Then they came for the trade unionists,
and I didn't speak out because I wasn't a trade unionist.

Then they came for the Jews,
and I didn't speak out because I wasn't a Jew.

Then they came for me and there was no one left to speak out for me.

-- Friedrich Gustav Emil Martin Niemöller
1892 – 1984

Time Flies

Whether or not we're having fun seems inconsequential. I can't believe It's been three weeks since my father died.

In that time I've logged 2,304 miles between here and home: 1,920 on interstate highways and 384 in the air. That's three round trips. The road time amounts to about 30 hours give or take a couple. My last road trip north was finished in 4:48, but the trip back to Memphis took more than six hours. Starting out, lane restrictions due to construction made passing through Louisville ridiculously tedious. Later delays in Nashville for the same reason -- where six lanes dwindled to two and a "must exit" situation -- made the trip unusually long and tiresome.

I've been to the Floyd County courthouse more than a few times, just like I had the day before driving home. Leaving there, I pulled away from my curbside parking space only to immediately pull into a metered space. An offensive bird left an ugly, lumpy intrusion to cook on the windshield, squarely in my sight line, while I was indoors. Further, I'd spent $30 for a wash/detail at St. Matthews Car Wash the day before. (I know, it's a bit uppity for a car wash but if you know me and had seen my car it was a rare occasion to behold: suicidal insect carcasses plastered on the front, rain-enabled road grime everywhere else, filth on the floor mats, grimy windows). Crusty bird leavings on an otherwise sparkling car were an affront to my OCD nature. The turd had to go. Windex from the cargo box and a napkin from the glove box changed my focus.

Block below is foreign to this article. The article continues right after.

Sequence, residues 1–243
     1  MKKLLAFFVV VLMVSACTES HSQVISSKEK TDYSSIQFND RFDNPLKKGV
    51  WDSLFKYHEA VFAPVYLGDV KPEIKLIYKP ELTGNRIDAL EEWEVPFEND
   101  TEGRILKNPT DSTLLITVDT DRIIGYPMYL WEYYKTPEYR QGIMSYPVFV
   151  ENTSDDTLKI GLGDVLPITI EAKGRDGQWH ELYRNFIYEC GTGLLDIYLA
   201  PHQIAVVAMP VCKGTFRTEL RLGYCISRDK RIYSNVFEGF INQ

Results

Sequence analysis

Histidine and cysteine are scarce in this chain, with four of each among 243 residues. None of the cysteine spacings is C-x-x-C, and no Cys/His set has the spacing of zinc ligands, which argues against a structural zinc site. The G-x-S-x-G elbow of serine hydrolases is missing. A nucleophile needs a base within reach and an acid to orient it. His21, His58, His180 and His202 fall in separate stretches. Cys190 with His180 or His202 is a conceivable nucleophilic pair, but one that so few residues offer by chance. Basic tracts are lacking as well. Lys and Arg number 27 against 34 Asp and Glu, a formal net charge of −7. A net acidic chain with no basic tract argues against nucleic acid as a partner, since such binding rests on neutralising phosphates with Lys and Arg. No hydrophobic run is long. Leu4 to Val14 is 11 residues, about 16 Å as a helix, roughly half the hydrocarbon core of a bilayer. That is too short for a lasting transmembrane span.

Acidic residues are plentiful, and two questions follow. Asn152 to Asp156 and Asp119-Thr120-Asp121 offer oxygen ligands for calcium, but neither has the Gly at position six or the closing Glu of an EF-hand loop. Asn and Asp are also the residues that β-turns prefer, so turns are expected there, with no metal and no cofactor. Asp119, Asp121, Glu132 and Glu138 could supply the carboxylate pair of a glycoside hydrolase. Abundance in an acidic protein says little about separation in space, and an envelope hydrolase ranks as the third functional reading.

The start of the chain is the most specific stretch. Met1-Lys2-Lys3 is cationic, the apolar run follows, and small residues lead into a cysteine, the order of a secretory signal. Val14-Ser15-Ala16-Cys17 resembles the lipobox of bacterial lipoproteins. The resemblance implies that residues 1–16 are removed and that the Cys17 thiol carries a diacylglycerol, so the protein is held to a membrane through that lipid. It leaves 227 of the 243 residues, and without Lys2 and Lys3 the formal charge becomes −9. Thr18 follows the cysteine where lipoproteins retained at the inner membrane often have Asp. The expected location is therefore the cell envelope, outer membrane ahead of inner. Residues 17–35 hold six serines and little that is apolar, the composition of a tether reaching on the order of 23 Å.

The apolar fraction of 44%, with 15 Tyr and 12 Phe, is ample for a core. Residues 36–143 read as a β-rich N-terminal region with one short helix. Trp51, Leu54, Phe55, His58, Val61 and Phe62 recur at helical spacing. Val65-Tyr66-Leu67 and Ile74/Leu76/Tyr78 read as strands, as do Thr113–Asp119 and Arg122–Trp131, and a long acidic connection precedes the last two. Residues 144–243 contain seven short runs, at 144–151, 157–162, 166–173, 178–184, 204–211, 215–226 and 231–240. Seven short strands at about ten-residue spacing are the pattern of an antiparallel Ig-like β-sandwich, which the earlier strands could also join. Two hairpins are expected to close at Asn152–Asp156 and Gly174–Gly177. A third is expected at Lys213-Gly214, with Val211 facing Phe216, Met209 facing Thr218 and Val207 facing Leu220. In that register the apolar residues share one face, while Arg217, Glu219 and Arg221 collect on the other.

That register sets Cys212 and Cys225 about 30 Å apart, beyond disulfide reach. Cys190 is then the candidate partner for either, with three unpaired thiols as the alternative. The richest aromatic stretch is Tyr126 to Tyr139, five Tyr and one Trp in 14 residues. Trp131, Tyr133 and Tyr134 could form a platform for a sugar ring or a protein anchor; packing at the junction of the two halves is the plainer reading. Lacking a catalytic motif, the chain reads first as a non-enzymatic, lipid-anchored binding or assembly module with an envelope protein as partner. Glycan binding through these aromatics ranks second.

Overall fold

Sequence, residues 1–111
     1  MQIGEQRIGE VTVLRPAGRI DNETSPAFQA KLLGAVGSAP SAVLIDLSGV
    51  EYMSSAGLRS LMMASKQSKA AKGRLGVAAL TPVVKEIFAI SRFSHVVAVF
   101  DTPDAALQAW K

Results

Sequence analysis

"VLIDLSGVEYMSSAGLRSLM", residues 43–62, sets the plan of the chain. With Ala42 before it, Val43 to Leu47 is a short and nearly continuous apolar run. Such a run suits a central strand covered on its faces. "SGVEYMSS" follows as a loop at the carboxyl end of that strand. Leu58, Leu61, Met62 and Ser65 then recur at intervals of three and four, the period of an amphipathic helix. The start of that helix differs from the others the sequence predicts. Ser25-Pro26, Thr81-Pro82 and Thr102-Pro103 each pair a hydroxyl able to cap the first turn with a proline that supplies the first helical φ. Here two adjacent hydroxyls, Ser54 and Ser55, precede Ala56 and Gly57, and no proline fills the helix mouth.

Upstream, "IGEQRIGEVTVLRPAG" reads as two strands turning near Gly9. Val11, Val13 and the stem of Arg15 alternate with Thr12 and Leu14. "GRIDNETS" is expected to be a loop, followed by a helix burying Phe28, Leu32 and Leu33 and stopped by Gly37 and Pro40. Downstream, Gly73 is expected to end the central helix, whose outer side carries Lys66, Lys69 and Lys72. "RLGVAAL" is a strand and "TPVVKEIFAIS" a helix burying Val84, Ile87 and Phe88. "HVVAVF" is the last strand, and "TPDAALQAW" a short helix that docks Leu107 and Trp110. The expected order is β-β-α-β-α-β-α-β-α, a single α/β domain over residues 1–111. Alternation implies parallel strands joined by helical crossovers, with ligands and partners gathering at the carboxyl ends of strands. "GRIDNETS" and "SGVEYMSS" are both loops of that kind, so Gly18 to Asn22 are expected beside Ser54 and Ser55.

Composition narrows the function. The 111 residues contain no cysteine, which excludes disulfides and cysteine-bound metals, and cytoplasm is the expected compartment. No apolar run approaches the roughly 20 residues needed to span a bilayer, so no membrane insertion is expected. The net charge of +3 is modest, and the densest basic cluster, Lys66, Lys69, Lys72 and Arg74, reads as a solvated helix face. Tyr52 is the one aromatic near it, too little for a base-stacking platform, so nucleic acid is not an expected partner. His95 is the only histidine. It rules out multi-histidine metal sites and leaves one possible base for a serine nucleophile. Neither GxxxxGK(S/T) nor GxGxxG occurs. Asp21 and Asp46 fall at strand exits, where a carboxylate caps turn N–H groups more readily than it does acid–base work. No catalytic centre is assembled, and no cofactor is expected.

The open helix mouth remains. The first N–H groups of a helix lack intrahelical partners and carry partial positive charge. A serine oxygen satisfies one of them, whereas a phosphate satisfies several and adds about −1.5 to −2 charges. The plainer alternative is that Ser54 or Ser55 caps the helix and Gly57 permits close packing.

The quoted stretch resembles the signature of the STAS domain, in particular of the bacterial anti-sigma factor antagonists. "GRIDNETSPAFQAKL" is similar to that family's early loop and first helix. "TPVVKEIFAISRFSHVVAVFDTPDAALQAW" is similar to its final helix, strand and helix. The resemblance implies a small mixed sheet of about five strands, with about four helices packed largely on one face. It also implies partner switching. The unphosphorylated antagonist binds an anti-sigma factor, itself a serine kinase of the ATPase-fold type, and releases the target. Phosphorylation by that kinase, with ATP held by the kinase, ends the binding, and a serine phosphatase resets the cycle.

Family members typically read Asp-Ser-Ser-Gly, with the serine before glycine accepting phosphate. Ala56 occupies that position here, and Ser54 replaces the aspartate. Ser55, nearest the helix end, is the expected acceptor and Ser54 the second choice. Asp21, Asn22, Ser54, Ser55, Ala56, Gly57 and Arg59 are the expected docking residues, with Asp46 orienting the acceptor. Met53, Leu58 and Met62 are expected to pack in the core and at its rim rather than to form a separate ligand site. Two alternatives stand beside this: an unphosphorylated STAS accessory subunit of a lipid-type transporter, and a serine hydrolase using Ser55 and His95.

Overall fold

Workers busy eradicating evidence of roads too often traveled.

Finished with eradicating the offending splotch, I pulled back out onto Market Street where I was reminded of an incident that occurred when I was very young.

Mother had taken Daddy's bright yellow, hot rod 1955 Chevrolet Bel Air convertible to the same place for something or another and -- per his instructions, I'm sure -- backed into the metered parking space. She couldn't see over the trunk through the back window, and a side mirror is no help in such a situation. She hit the meter, bending it backward and earning a traffic citation and fine. I can't recall any damage to the bumper but I'll bet it wasn't spared. Needless to say at the very least, yelling ensued when she picked him up after his shift at Pillsbury.

My traveling days aren't finished, but I need to stop and take a breath. Catching up on paying work, housework, and yardwork sounds like a nice way to start what I expect to be a full week at home. If I can manage to kick-start my gym work in the process I'll be aces.

05 May 2012

I Don't Like This Ride. I Want To Get Off.

To say that the last two weeks have been an emotional roller coaster would be an understatement. Hell, the last two years have been such a ride, but these last few days the ride feels as if it's about to derail if it's on the tracks at all.